ENDCG
}
FallBack "Diffuse"
}
``````

Technically they are cutting a hole in the object, but only in the depth buffer and not the already rendered color buffer.

To understand what’s happening, you probably need to understand the depth buffer better. This article goes into good detail on the topic:
https://simonschreibt.de/gat/black-flag-waterplane/
https://data.simonschreibt.de/gat064/depthbuffer_example.webm

The basic idea is the depth buffer is generally used to help sort opaque geometry, and prevent transparent geometry from rendering over opaque geometry that has been drawn before it. We’re messing with that by blowing away the depth buffer, and then in your new shader’s case rendering the depth of otherwise transparent geometry. When you render the color for your arrows, it’s testing its z depth against itself, so it’ll only draw where it was the closest to the camera.

But why were you having problems before you added that second ColorMask 0 pass? Because efficient and correct sorting of real time transparent geometry is an unsolved problem.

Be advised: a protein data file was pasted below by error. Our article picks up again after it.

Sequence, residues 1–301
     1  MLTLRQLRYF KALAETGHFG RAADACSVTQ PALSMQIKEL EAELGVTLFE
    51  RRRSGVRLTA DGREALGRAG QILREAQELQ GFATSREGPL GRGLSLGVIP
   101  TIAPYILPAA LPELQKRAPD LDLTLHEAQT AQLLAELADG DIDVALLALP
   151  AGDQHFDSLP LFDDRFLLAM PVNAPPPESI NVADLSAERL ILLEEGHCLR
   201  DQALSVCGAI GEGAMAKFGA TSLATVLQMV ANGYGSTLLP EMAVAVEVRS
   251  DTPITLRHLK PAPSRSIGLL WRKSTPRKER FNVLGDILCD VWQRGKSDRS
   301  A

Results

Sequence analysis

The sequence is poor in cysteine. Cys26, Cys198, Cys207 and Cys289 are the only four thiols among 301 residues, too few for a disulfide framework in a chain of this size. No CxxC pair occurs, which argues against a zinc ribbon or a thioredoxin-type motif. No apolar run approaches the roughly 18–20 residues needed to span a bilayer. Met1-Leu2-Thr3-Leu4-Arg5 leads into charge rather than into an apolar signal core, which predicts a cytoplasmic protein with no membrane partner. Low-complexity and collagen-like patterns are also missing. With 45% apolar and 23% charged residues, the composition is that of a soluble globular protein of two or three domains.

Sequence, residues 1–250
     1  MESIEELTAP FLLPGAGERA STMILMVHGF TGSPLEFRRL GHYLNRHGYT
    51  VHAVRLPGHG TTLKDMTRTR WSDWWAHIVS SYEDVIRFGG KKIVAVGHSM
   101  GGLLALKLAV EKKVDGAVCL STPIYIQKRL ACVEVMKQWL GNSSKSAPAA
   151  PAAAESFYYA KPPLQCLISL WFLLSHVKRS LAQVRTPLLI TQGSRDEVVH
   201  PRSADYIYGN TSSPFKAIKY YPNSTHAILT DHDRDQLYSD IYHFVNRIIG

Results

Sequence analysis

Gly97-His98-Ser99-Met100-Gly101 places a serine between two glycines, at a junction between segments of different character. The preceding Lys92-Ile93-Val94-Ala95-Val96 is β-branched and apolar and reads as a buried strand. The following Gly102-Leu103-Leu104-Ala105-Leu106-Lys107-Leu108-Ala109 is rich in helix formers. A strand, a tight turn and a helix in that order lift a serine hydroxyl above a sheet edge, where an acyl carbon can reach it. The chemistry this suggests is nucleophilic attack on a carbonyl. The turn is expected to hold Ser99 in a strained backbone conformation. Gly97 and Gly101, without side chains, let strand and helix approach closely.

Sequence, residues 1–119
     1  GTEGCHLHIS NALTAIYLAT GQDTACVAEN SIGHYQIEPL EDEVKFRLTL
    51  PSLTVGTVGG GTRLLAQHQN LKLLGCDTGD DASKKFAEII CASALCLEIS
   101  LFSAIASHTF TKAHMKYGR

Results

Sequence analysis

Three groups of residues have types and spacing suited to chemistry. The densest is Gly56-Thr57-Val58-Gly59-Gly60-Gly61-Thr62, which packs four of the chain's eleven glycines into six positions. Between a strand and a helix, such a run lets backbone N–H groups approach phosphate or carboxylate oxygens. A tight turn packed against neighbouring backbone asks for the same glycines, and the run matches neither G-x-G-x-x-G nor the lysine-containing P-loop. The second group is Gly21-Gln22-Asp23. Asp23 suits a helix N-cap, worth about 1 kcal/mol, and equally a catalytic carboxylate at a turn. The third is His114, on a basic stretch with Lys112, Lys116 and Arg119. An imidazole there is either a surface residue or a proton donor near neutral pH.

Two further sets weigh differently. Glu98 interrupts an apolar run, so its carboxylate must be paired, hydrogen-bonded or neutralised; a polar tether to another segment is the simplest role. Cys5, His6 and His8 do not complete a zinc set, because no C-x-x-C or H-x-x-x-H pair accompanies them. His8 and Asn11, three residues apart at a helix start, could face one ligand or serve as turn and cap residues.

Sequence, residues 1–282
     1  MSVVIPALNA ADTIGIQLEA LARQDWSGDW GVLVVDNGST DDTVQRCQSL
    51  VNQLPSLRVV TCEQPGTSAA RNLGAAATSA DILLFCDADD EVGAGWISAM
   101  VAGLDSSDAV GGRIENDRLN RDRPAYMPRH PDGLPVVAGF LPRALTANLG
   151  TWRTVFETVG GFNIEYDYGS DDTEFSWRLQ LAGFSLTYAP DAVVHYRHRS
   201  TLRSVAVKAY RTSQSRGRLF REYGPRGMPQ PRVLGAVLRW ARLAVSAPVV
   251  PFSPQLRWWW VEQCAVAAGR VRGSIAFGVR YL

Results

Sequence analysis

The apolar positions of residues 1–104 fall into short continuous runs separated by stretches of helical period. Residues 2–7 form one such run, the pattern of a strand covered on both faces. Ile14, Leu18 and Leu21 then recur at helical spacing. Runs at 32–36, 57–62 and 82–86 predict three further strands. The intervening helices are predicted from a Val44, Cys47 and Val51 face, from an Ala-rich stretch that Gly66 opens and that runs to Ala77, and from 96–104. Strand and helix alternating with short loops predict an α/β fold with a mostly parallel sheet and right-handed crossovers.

https://discussions.unity.com/t/599385/2

If you have ZWrite On enabled for a transparent shader, it doesn’t prevent the triangles from drawing out of order, it just prevents triangles that are drawn later from drawing over triangles that were previously drawn closer. So in the case of triangles that are correctly sorted for transparency to the current view (back to front, aka Painter’s Algorithm), the depth buffer isn’t actually causing anything to be different as each triangle being drawn will be closer than the previous one. If the triangles are in the wrong order (front to back), then if they write to the depth (ZWrite On) later the pixels of triangles will be clipped if they’re behind the previous triangles, or if you don’t write to the depth (ZWrite Off) later triangles simply draw on top. But sorting triangles is expensive.

If you want to be able to see the arrows through each other, you’ll want to render each arrow of the gizmo separately so they can be sorted individually. For the image above, using the existing shader, that would mean you’d be able to see the blue arrow through the red one as you would expect, but the shaft of the red arrow would still be occluded by the head. The other option would be to use an additive blend mode so the draw order is irrelevant.

Bit of a delay but! Thank you very much for the information bgolus. Very useful.